I don't know why I never thought of this before, but thanks to Terry at Idle Speculations for blogging about comic book religions. I really had no idea. But, right, why wouldn't our comic book heroes and heroines have religious affiliations?! They're just like us but moreso.....
So, of course I checked out who is Episcopalian, or Anglican... and here's a partial list:
Warren Worthington III
Seems like the Marvel Universe tends more toward the "main line" churches than DC, but there's plenty of representation to go around. Or maybe it's just that Marvel mentions the religion of their characters. When I checked out the FAQ,I realized that the blogger knows a lot about the world's religions, and has done lots of research on this topic.
And my questions about the "main line" affiliations got answered there too:
Are Nearly All Major Superheroes Episcopalian?It's interesting. I've never really considered comix as a form of religious art, perhaps more often mini-morality plays, but the heroes' spirituality or morality definitely comes through in the books. I guess since they're constantly battling evil, they need to draw on something to get through their days.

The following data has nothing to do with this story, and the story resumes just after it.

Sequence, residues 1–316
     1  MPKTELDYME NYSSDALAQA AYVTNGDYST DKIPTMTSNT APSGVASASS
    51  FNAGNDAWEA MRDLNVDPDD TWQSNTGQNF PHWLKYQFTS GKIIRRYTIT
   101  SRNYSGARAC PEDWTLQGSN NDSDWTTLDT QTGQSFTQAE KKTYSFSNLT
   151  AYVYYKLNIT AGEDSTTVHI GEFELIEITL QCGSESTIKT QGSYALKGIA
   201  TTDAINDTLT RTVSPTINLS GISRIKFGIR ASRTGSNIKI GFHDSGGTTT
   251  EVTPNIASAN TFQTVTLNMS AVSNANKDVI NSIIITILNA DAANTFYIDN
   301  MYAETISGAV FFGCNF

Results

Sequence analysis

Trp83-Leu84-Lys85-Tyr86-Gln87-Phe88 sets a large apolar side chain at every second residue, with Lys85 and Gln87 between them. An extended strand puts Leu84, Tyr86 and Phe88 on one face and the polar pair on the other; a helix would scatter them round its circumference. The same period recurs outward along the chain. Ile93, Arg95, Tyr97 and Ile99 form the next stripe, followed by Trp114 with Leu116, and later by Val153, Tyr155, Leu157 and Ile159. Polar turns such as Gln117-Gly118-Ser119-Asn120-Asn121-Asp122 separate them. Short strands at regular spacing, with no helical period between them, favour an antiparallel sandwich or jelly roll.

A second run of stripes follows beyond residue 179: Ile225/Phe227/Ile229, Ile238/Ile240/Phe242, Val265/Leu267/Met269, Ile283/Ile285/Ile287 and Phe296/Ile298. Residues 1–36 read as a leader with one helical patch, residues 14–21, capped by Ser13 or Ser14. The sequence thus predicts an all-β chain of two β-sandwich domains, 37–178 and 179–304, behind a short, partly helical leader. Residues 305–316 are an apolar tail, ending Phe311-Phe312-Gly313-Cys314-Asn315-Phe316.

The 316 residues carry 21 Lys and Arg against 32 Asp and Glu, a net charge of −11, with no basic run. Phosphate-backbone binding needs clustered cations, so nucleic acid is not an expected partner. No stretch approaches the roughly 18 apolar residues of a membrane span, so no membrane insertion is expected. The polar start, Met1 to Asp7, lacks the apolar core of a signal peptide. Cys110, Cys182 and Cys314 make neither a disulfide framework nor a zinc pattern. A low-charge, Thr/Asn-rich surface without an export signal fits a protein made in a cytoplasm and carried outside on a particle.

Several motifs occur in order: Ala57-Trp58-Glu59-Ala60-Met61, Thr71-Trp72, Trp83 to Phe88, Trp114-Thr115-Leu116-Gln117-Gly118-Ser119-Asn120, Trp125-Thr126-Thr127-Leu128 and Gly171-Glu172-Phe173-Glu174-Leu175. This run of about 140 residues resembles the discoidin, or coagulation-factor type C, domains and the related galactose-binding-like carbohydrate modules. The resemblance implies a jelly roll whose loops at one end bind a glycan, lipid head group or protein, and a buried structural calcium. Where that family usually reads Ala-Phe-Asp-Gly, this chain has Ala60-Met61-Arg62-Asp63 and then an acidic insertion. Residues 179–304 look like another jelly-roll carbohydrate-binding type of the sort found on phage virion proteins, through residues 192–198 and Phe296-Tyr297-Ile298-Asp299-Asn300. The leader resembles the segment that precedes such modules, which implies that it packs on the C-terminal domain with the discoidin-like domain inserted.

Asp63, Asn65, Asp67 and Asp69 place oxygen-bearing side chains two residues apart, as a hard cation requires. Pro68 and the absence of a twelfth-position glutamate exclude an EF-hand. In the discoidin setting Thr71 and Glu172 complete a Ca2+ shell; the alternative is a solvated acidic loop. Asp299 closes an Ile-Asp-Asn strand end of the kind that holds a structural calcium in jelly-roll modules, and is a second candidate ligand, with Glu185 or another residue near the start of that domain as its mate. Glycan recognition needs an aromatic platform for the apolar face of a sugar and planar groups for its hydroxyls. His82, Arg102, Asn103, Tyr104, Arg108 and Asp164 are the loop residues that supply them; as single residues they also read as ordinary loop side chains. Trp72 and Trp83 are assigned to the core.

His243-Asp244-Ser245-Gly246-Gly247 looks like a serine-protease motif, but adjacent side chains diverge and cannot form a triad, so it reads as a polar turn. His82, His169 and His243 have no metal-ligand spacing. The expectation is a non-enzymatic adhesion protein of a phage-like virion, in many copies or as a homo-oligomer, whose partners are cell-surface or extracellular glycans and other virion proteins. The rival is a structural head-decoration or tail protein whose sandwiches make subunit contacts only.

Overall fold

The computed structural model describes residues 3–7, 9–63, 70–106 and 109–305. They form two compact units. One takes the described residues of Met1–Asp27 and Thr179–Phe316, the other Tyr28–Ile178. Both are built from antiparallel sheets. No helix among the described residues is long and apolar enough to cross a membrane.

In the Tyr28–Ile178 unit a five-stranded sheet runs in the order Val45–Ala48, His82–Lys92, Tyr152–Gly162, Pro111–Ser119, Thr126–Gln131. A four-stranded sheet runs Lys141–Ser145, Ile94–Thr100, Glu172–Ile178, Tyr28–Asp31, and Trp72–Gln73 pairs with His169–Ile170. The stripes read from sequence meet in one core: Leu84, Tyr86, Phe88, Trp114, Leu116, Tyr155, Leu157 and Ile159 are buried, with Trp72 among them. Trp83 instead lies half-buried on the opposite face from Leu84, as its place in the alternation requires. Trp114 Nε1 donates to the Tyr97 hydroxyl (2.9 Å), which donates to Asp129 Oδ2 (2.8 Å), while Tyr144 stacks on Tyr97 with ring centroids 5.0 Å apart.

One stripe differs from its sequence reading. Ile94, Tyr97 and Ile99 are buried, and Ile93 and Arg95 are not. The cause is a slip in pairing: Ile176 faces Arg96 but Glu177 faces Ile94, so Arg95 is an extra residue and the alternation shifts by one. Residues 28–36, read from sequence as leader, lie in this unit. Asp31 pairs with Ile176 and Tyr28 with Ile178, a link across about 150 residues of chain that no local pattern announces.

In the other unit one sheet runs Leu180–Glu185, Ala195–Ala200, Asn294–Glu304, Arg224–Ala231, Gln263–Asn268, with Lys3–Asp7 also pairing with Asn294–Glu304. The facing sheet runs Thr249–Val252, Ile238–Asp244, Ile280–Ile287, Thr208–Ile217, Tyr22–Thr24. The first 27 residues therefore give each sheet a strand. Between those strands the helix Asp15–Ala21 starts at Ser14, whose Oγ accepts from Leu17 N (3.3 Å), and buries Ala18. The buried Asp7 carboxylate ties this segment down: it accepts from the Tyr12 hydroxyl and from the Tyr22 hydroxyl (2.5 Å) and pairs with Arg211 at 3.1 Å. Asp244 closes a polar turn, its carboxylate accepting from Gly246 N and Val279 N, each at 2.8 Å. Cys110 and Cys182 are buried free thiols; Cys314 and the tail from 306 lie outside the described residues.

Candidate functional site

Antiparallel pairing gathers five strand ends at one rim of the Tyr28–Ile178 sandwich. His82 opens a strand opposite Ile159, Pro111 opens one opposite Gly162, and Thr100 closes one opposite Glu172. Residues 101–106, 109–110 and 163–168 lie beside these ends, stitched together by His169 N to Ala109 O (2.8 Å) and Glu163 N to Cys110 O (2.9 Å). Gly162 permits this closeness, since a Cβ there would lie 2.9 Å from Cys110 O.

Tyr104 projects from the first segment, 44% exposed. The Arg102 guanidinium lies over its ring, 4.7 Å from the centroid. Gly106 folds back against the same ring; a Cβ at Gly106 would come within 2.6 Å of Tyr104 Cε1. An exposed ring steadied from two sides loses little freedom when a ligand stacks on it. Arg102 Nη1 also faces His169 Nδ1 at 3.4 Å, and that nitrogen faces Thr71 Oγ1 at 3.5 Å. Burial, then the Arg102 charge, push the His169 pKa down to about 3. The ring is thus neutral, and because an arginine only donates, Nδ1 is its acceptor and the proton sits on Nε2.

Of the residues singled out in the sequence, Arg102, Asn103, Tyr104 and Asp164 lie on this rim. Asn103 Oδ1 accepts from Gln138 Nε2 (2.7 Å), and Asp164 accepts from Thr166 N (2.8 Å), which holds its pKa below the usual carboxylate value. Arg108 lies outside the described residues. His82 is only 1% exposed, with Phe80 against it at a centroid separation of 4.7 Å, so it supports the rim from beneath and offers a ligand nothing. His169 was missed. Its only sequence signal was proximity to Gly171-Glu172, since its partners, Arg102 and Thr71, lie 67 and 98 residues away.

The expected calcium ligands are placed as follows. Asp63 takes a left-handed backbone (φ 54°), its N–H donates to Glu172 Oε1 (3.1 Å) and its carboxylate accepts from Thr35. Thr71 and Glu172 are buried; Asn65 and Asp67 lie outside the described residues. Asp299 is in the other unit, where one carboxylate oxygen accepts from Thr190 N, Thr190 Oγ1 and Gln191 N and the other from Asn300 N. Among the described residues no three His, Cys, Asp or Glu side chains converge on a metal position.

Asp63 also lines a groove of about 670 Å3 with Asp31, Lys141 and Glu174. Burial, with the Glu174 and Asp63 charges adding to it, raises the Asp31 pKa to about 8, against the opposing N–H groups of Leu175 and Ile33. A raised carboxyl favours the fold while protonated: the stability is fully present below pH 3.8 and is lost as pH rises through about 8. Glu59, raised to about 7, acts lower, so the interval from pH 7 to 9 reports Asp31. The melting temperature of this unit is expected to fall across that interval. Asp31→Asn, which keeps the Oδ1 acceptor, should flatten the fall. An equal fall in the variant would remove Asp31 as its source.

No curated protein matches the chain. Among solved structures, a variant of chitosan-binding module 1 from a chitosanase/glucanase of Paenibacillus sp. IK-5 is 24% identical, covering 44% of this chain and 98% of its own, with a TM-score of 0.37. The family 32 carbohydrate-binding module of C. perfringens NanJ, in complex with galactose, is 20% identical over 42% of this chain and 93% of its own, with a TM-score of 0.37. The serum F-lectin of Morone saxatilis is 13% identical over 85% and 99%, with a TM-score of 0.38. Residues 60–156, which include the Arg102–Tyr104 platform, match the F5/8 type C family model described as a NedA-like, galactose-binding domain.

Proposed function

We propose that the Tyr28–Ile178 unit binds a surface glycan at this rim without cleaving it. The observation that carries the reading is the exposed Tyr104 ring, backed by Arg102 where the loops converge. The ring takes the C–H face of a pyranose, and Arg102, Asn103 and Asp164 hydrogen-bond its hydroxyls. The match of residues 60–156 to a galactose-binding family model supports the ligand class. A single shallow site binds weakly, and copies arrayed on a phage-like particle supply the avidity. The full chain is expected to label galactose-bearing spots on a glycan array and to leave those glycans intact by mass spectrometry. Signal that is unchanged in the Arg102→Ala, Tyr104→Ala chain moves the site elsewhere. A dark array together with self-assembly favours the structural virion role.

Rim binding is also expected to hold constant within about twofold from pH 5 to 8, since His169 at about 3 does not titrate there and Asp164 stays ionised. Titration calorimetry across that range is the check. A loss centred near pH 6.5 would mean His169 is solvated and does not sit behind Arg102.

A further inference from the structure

From: "At DC Comics, Diversity Is No Laughing Matter", published on AOLTimeWarner.com website, 1 November 2001
"The original creators of comics, 60 or 70 years ago, were almost all Jewish and Italian kids from various parts of New York," notes DC Comics Executive Vice President and Publisher Paul Levitz. "And the characters they created were pseudo-whitebread Episcopalian. It was almost de rigueur back then to paint people in this idealized American image."
Stan Lee and the Religion Taboo
From: Radford, Bill, "Holy Superhero! Comic books increasingly making reference to faith", published in Colorado Springs Gazette, 6 May 2006:
In the foreword to The Gospel According to Superheroes, a book examining superheroes and religion, legendary comic-book writer and editor Stan Lee says he always scrupulously avoided any mention of specific religions in his stories. "I thought of myself as an 'equal opportunity writer,'" he says.
...When comic books first appeared in the late '30s, "America was supposed to be a melting pot," [Douglas] Rushkoff says. "That was our cultural metaphor. Religion and ethnicity were supposed to be subordinate to our role as Americans. I think now we're much more in a multicultural phase where people are trying to discover their roots."
Food for thought.